Insurers face a significant challenge ensuring they do not introduce artificial noise or volatility into their financial reporting under the incoming accounting standard IFRS 17.
31 JULY 2018 | CHRIS SEEKINGS
The regulation requires insurers to use fair value and market-consistent approaches for liability valuations, but it is thought firms may struggle to be consistent across their whole business.
"There is likely to be significant scope for accounting mismatches arising from the varied treatment of different aspects of their business," Moody's Analytics senior director of research, Nick Jessop, said.
"Careful consideration has to be made to constructing discount rates for insurance contracts to ensure that the net finance results clearly and exclusively reflect changes in economic conditions."
Following a recent assessment of yield curve construction methods, Jessop recommended that insurers think carefully about estimates of credit risks and illiquidity.
"Proliferation of yield curves, reusability of analytics produced in each step of the calculation, data availability, suitability, and ease of automation considerations are also important," he added.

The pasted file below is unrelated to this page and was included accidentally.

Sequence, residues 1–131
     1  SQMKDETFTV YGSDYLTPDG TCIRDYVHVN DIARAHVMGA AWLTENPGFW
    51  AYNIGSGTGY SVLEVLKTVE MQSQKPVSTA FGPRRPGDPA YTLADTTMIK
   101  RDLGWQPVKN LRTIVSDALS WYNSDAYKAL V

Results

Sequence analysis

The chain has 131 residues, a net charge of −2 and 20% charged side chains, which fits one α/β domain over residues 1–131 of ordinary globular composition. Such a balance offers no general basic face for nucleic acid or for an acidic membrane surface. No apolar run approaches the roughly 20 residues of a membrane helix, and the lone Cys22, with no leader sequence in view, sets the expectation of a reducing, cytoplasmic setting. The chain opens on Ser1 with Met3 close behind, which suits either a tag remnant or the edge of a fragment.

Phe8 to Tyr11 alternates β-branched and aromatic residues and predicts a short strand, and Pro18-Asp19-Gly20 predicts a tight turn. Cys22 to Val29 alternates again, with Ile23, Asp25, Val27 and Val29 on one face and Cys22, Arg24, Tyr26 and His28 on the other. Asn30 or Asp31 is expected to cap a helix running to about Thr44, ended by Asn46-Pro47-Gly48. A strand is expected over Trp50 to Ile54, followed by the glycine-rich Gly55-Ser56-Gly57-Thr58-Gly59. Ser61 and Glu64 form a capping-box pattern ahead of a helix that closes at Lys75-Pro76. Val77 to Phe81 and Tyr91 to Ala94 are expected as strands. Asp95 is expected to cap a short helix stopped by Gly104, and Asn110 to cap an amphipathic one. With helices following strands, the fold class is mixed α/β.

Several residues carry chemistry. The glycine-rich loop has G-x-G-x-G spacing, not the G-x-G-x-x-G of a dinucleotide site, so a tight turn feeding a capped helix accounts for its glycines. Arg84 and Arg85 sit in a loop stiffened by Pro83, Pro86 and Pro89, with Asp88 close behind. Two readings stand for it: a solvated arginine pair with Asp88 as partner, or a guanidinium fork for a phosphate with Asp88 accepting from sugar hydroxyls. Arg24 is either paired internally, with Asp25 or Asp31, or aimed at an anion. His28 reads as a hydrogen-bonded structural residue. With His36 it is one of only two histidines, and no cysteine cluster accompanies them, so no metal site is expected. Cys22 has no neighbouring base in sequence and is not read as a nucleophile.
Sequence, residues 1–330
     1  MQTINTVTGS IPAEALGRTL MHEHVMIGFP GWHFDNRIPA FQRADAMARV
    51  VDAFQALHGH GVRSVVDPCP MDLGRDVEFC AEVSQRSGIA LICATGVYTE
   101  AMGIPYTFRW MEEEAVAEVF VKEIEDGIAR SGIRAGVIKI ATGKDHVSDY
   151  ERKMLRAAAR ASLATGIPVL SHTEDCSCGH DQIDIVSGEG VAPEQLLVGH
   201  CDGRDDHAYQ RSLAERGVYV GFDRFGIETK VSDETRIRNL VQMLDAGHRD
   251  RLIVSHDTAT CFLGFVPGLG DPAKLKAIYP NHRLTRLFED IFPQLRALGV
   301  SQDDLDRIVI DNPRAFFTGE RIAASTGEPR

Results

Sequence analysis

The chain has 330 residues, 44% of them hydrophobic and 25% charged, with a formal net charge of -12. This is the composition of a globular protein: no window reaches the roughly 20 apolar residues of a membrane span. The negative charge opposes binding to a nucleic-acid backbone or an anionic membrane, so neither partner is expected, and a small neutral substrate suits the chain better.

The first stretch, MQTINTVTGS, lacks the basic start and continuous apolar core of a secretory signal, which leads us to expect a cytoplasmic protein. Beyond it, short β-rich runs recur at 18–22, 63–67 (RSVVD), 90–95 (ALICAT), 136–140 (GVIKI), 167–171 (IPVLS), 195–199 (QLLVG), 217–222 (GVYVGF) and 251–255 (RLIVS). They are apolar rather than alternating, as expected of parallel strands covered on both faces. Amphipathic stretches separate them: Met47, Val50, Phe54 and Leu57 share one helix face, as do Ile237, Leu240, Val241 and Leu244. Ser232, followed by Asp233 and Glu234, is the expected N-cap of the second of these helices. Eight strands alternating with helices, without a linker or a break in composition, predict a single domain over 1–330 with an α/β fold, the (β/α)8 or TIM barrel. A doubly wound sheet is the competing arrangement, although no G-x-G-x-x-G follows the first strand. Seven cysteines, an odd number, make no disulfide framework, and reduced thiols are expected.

The summit revealed that more companies are now looking to how their Solvency II infrastructure can be used for business projection and optimisation, moving beyond compliance.
"It is about looking at how insurers can maximise the investments that they made to deal with Solvency II for financial decision-making apparatus to run business more effectively," panel moderator, Colin Holmes, said.
It was also found that low interest rates continue to drive boardroom discussion, and that a growing number of firms are looking to better understand the dynamics of value creation.
Moody's Analytics senior director of product development, Brian Robinson, said insurers must understand the impact of macro-type events on business, from political uncertainty to recessions.
"Assessing the impact of each scenario allows management to develop and test forward-looking action plans that can be implemented in response to particular events," he added.
Other key topics discussed at the summit included the importance of data management and "breaking down silos" in organisations by bringing risk, actuarial and finance together.
You can read more about the summit and the key themes affecting insurers here.